UNICEF Annual Report 2015: The Importance of the 5th Birthday

Submitted by Dana McLaughlin on August 8, 2016

When a child is born, he or she immediately needs several required things in order to grow and thrive. Nourishment. Healthcare. Love. But too often in the world today, these most basic necessities and fundamental rights of children around the world are suspended amidst crisis, poverty, natural disaster, and violence. 

For the past 10 years, Nothing But Nets has worked with our UN partners to provide one of the most fundamental tools to protect moms and babies at risk of malaria – life-saving bed nets. 

One of those partners is UNICEF, which works to ensure that children around the world are nurtured, protected, and supported from the moment they are born. This challenge has been the cornerstone of UNICEF’s work for over 70 years.

UNICEF's long-lasting commitment to the health and well-being of children is reinforced by the Sustainable Development Goals, and its work will ensure we achieve those goals to see a world where all children grow up and fulfill their potential. In its recently released 2015 Annual Report, UNICEF highlights the multi-faceted nature of global efforts to protect the health and safety of millions of children who live in the epicenters of injustice.

The report highlights specific issues that range from early childhood development and gender equality, to birth registration and school completion. In 2015 alone, 25.5 million people gained access to water and 23 million children were given measles vaccinations.  An estimated 6.2 million lives have been saved from malaria since 2000.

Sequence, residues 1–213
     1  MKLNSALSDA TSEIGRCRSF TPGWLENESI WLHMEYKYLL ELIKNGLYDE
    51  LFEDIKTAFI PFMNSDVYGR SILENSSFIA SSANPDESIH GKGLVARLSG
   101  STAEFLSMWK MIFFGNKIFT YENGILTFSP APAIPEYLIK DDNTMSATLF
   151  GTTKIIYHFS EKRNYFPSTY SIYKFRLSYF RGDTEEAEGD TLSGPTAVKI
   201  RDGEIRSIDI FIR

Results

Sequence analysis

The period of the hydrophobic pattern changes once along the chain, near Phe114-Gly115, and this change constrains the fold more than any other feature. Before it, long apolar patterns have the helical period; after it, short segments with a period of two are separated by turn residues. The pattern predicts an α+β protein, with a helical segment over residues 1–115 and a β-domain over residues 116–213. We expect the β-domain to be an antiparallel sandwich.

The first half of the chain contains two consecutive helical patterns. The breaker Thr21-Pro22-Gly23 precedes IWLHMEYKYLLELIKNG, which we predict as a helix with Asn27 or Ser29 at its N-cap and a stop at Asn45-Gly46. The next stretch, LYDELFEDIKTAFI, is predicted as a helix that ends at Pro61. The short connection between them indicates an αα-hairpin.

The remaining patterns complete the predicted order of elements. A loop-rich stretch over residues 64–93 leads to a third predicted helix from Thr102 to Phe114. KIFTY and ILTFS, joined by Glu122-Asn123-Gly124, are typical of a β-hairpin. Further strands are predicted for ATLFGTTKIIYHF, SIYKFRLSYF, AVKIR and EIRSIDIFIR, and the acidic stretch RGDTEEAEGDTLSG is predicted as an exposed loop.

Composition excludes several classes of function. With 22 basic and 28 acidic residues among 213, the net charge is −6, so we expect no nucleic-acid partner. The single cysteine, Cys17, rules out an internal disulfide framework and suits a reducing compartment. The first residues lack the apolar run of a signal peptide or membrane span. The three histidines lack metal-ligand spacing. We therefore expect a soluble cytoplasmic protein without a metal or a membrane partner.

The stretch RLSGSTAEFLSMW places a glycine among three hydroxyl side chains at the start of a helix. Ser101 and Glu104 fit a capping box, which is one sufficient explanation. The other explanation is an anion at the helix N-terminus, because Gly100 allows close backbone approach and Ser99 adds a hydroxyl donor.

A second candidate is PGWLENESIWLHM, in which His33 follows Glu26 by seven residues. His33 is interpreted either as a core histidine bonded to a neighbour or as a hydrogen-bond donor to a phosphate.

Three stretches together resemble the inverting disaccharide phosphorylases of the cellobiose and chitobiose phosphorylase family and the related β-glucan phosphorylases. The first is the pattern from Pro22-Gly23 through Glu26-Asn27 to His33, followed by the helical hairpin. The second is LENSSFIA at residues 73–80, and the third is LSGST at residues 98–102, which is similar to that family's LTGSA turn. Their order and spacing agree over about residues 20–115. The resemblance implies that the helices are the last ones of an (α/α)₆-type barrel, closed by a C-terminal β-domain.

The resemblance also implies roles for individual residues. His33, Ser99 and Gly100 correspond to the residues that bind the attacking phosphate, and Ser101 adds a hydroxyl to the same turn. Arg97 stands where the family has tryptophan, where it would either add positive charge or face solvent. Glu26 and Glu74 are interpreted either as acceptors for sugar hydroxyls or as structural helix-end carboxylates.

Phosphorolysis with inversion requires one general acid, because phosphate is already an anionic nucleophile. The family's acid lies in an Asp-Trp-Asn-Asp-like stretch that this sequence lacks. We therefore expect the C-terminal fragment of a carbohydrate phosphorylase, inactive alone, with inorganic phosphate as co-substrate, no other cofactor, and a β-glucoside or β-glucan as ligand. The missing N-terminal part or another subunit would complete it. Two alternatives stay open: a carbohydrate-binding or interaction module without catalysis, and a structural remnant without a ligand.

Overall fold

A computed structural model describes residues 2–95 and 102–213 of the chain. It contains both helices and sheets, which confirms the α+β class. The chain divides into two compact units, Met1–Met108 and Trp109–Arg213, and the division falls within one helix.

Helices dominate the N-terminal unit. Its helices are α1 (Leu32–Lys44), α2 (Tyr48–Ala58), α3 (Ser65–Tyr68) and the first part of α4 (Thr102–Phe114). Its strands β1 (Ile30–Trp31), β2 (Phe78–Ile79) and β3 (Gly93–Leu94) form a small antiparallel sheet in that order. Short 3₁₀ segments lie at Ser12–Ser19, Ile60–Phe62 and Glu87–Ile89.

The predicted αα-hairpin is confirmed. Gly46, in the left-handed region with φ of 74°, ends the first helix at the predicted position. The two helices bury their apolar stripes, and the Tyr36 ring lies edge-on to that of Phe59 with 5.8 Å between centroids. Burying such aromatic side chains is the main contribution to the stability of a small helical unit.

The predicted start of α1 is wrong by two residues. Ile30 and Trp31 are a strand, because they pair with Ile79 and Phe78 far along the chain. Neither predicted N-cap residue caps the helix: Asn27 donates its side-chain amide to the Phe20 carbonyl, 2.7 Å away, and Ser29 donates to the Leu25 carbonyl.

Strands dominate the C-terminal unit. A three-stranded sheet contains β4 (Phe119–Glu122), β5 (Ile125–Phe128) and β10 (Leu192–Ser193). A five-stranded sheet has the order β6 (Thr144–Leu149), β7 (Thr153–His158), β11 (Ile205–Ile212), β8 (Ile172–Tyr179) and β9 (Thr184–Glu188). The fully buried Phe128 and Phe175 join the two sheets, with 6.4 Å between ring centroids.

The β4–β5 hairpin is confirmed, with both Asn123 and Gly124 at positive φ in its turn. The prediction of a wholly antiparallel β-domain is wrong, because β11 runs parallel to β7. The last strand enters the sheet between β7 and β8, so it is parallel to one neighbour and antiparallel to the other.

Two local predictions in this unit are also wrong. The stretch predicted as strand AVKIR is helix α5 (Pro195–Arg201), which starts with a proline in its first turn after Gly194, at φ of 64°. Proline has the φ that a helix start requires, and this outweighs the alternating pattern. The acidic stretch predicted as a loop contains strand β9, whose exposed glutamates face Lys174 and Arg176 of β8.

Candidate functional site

But while we have seen so much progress, there is work still to be done.

Children are still dying every day from preventable and treatable diseases such as malaria, pneumonia, and diarrhea, which are reported as the three deadliest diseases that systematically burden the everyday health of the world's poorest children. 

In fact, according to UNICEF’s 2015 Annual Report:

  1. Of all under-five deaths, 45% occur in the first 28 days of life.
  2. In 2015, despite dramatic gains in child survival, an estimated 5.9 million children still did not live to see their fifth birthday.
  3. The number of children who died before turning five fell by more than 50% worldwide between 1990 and 2015. However, an average of 16,000 children under the age of five died every day in 2015.

UNICEF has continued to decrease the burden of these three disease by strengthening community platforms that allow for delivery of vital treatment services to children who otherwise who have limited access to such fundamental services. 

One widely adopted model is an Integrated Community Case Management (iCCM) that enlarges the supervision and delivery of care for childhood illness beyond traditional health facilities. Not only does this extend access to lifesaving treatments for diarrhea, pneumonia and malaria, but it also engages community health workers by training them in identification tactics, diagnosis tests, and treatment options for children in severe need of care.

According to UNICEF’s report, "28 countries in sub-Saharan Africa were implementing integrated Community Case Management (iCCM) for all three diseases, and more than 82,000 community health workers were trained in iCCM through UNICEF country programmes during the year." 

Such initiatives are making strides in reducing the number of children, especially those under the age of five, who die from completely treatable and preventable diseases.

Keeping a child healthy and safe throughout the first five years of life is the cornerstone that will ensure that every child has the future he or she deserves. After all – no child should die of a mosquito bite, or of any preventable and treatable disease. 

 

Posted in Nothing But Nets Blogs  »  Dana McLaughlin 's Blog

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Nyoul Tong promo“It’s easy to feel powerless to help. But malaria is not one of those issues: you and I have the power to end this preventable disease.”

Nyoul Tong
Former refugee from South Sudan

Read Nyuol’s Story »

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